By Bea Cabrera
Bridging the gap: CNMI matching skills with jobs
Saipan— Historically, the Commonwealth of Northern Marianas Islands has been dependent on a foreign workforce. The federal takeover of labor and immigration in 2008 may have slowly changed the tide but statistics still leave much to be desired.
According to the Government Accountability Office’s 2020 report, the ratio of U.S. workers to foreign workers in the CNMI remained close to 50 percent from 2014 through 2018, with U.S. workers making up 49 percent of the workforce in 2018.
Over the years since the demise of the garment industry, tourism became the largest component of the CNMI economy, growing from 12 percent in 2007 to 45 percent in 2017.
But the Covid-19 pandemic, which put the visitor sector on hold, underscores the need for the CNMI to develop a homegrown workforce that is not fully reliant on a volatile industry that is at the mercy of external forces.
On the trades side, the CNMI continues to face the challenge of building a local labor pool to pick up construction jobs.
In a community flooded by federal coronavirus-relief aid, education officials and labor experts saw the need to accelerate the goal to create more reliable job opportunities lest workers fall into complacency. After all, the stimulus funds are expiring in September.
The Northern Marianas College and Northern Marianas Technical Institute focus on youth, helping them lessen reliance on aid and become productive members of the community. Frankie Eliptico, vice president of advancement and administration of the Northern Marianas College, said the college issued 245 certificates and degrees in April.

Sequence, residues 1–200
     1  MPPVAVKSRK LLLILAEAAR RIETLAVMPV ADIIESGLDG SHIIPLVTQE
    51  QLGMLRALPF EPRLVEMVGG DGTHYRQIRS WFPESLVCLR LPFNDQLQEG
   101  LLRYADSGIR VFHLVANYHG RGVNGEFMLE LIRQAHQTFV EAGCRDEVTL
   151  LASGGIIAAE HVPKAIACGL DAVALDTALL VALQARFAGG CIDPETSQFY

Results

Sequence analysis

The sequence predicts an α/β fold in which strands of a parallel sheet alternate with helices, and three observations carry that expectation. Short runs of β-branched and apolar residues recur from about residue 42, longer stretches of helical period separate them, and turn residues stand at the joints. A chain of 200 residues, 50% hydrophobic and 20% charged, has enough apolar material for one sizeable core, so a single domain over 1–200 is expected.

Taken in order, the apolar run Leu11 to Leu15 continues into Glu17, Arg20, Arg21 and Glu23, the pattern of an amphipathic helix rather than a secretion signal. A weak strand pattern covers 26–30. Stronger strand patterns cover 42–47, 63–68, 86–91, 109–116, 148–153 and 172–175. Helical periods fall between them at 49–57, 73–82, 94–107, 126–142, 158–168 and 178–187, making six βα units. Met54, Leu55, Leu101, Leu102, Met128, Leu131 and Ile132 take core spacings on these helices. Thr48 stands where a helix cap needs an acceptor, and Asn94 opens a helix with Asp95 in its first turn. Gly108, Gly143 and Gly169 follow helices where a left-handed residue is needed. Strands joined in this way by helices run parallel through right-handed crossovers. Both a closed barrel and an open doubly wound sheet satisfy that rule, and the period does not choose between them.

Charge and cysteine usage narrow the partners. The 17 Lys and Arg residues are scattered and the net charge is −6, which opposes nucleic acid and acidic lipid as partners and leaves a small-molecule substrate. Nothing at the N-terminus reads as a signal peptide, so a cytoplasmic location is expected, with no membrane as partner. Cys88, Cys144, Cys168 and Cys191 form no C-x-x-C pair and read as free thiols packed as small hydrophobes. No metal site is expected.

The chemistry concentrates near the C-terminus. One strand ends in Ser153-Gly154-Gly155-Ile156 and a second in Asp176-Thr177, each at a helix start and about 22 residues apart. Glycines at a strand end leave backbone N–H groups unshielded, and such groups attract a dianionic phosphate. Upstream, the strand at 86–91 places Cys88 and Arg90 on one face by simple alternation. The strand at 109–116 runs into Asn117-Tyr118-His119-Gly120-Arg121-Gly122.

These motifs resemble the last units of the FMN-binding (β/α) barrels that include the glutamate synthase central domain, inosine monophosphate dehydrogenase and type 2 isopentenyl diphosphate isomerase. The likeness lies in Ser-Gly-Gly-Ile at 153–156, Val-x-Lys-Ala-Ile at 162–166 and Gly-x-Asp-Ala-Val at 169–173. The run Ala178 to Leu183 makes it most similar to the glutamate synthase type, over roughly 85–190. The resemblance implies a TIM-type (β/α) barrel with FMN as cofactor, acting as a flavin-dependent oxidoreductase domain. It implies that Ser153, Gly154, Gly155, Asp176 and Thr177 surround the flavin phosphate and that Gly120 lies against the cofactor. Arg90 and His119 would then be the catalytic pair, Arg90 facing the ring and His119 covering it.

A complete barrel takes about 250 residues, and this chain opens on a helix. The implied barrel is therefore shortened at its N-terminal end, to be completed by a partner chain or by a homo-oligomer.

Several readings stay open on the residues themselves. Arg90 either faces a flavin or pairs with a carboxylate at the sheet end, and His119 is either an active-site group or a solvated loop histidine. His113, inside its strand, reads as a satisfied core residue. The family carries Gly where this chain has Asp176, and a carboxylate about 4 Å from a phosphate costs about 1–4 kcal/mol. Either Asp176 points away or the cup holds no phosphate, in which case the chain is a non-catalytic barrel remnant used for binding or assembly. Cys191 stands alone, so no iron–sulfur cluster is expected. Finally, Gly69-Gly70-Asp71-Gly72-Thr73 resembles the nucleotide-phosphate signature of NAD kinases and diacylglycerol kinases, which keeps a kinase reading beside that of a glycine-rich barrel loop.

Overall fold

“We have over 200 graduates, a combination of classes 2020 and 2021. I like to stress their achievements because they are in our community. They are employed by business organizations and they are helping to power our economy,” he said.
“Many of our students are juggling a full-time job, a family, taking care of their elderly and many other obligations. I want to rid this mentality that many of our students are just going to school. We do have many non-traditional students and they deserve recognition,” he added.
NMC has seen the number of degrees and certificates increase over the years. “In fact, if you look at the numbers from 2010, it has more than doubled. I wanted to show that because we see more and more students looking to NMC for their personal and professional growth,” he said.
NMC’s bachelor's degree programs include business management and education, nursing, business administration, hospitality, criminal justice, liberal arts and certificate programs in hospitality operations, computer applications and basic law enforcement.
The Community Development Institute offers custom programs to match the specific needs of organizations.
“Whether it's a class in Excel, or an executive development class, we can custom create the class for you,” Eliptico said. “We have worked with many organizations, with providing the required certification for tour guides with students who are earning their master's degree in partnership with Wayne State University and many other institutions.”
Eliptico said besides providing education, the institute also helps students find job opportunities.
“We have partnered with various organizations like the Saipan Chamber of Commerce, Northern Marianas Technical Institute, the CNMI Department of Labor, non-profit organizations and other agencies to help make sure that we are meeting local workforce needs,” he added.